In the California Current system D. gigas forages substantially on coastal fish, particularly anchovy (Engraulis mordax) [25], [61]. Surprisingly D. gigas consumes very few anchovy in Peru, whereas a tremendous biomass of anchovy is potentially available. Furthermore, off Peru, anchovy is concentrated in schools or dense aggregations within the thin surface oxygenated layer [62], [63], which makes anchovy an easy prey for mobile predators [64]. Unlike in California [25], the jumbo squid distribution hardly overlaps with that of anchovy, which is very coastal (Fig. 6). Why does jumbo squid not distribute closer to the coast and benefits from the huge anchovy stock? Oxygen may be the answer. Anchovy is not adapted to anoxia and cannot enter the oxygen minimum zone. However this small fish (oxygen supply per body size decreases as fish size/weight increases) can forage at low cost (so low oxygen demand) on macrozooplankton and is thus adapted to inhabit the unsaturated surface coastal waters [65]. On the contrary, jumbo squid is adapted to anoxia since it undertakes diel vertical migration and occupies the oxygen minimum zone (OMZ) during the day [15], [16], [18], [66][69]. D. gigas succeeds in the OMZ by managing hypoxia via metabolic suppression [18], [19], [66], [67], coupled with a high-affinity respiratory protein, the hemocyanin [69]. However normoxic conditions are needed in surface during the night to supply the oxygen demand that was not achieved in hypoxic waters at greater depths [69], [70]. In coastal Peru the OMZ is much more intense than in California, the upper OMZ is shallower and, above the oxycline, oxygen concentration and saturation are low [66]. In such conditions jumbo squid may be prevented to enter the coastal waters where the anchovy is situated, as was previously evidenced for sardine [65]. Indeed, off Peru, the abundance of jumbo squid biomass increases with oxygen saturation (Fig. 6). When upwelling is strong, anchovy partly distributes off the shelf break and should be more accessible to jumbo squid. However, such conditions correspond also to an extension of the surface oxygen unsaturated waters [65].

thumbnail
Figure 6. Conceptual model and cross-shore profiles of oxygen and organisms distribution.

The lower panel shows the mean (spline smooth) cross-shore profiles of dissolved oxygen saturation in % (grey dashed line), depth of the 2 ml.l−1 isoline in m (black solid line) and the acoustic-estimated biomass of anchovy (blue solid line) and the jumbo squid acoustic-estimated biomass (red solid line). Oxygen and anchovy data come from Bertrand et al. (2011); jumbo squid data come from IMARPE, unpublished data. Note that the oxygen data cover the range 7°S to 18°S. The upper part shows the cross-shore distribution of jumbo squid along its ontogenetic cycle. The colours in the arrow represent the schematic range of distribution and proportional abundance of the three main prey groups i.e., the other cephalopoda, euphausiids and mesopelagic fish.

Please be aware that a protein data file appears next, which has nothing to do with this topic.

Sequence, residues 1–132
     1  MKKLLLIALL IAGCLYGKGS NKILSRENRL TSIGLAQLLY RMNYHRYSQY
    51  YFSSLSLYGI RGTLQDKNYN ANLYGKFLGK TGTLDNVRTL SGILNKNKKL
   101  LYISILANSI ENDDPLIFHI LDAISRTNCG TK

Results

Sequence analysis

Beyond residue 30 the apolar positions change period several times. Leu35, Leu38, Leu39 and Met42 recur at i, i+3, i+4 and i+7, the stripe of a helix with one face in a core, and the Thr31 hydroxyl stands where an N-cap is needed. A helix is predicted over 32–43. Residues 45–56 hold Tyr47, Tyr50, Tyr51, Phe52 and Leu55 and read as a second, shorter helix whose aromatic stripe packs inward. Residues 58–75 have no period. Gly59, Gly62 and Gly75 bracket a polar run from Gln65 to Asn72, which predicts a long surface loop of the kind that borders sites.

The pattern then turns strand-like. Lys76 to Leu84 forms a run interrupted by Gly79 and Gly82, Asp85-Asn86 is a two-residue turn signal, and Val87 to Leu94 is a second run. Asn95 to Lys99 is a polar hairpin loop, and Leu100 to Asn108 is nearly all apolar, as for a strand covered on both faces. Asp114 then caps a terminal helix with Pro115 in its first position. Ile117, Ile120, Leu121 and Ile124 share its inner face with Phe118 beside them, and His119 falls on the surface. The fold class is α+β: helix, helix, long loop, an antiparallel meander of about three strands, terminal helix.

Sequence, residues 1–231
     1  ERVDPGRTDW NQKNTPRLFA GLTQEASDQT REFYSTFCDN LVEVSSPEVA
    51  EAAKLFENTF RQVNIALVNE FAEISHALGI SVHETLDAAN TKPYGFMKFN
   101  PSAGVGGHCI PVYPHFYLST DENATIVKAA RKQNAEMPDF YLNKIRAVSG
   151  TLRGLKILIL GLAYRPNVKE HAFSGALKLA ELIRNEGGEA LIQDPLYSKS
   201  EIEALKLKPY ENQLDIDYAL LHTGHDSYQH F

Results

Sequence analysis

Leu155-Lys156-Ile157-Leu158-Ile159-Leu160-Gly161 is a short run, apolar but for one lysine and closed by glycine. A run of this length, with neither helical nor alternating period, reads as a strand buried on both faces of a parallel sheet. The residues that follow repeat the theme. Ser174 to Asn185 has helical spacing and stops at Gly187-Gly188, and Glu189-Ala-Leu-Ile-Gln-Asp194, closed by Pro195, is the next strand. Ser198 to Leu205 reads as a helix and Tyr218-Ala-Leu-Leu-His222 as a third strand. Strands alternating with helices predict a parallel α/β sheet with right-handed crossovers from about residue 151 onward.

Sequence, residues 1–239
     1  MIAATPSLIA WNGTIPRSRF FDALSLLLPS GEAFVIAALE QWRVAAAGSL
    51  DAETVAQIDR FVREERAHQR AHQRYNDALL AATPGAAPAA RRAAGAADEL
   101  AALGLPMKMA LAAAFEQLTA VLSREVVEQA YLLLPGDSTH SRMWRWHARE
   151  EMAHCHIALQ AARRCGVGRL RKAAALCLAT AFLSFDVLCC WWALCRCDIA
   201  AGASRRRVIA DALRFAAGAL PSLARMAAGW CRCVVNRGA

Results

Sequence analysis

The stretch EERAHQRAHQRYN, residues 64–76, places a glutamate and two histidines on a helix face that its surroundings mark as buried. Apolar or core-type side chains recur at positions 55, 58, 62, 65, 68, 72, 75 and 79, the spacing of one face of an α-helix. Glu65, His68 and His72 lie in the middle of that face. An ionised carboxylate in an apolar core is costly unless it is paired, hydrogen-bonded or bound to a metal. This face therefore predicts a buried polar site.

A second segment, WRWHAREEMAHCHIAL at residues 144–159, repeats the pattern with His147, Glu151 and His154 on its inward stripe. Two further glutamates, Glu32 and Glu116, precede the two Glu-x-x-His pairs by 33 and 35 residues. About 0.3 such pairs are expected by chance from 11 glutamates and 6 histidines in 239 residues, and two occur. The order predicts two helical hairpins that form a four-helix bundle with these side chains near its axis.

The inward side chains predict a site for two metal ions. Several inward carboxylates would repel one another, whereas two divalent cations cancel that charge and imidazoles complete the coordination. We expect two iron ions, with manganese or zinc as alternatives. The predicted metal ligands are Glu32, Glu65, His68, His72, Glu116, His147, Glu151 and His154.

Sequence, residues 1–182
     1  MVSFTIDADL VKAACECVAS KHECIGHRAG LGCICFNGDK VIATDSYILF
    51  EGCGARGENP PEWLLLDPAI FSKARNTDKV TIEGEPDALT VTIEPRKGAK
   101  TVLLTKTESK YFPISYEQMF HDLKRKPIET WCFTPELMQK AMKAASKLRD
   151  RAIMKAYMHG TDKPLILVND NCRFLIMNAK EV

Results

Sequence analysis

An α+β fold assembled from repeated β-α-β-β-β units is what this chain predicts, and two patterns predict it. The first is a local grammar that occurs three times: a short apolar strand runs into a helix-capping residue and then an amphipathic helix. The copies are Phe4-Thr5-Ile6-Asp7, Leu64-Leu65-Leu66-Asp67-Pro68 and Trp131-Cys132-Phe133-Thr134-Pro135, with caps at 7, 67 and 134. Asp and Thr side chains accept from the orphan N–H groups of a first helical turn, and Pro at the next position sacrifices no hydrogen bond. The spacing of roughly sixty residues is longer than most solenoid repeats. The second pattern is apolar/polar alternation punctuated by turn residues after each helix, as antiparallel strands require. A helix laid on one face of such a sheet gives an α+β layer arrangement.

https://doi.org/10.1371/journal.pone.0085919.g006

Synthesis

As a synthesis we propose a comprehensive model of jumbo squid Dosidicus gigas trophic ecology in the northern Humboldt Current system (Fig. 6). Small jumbo squid (<400 mm) are mostly distributed far offshore where they largely forage on mesopelagic fish. As they grow, they move closer to the coast and increase their consumption of other cephalopoda. However, off Peru, contrarily to other systems [25], D. gigas does not occupy very coastal waters where a huge biomass of anchovy is present. We hypothesize that jumbo squid cannot enter the coastal waters that present low surface oxygen saturation. Although jumbo squid can forage in hypoxic deep waters it needs surface normoxic waters afterwards [69]. Oxygen concentration may thus limit the co-occurrence of both species and then preclude predator-prey interactions. Large squids move further offshore (without reaching the oceanic distribution of smaller jumbo squids), and increase their consumption of squids (including jumbo squid) and euphausiids. Note that euphausiids consumption is rather low considering its availability, indicating that D. gigas may seek out more energetic prey. The global pattern we described illustrates the opportunistic foraging behaviour of jumbo squid, which is impacted by ontogenetic migration and most likely by oxygen conditions. Also, even if the global scheme described in Figure 6 seems consistent [28], [71], high variability exists between individuals and the differences in jumbo squid life history strategies highlight the high degree of plasticity of the jumbo squid and its high potential to adapt to environmental changes.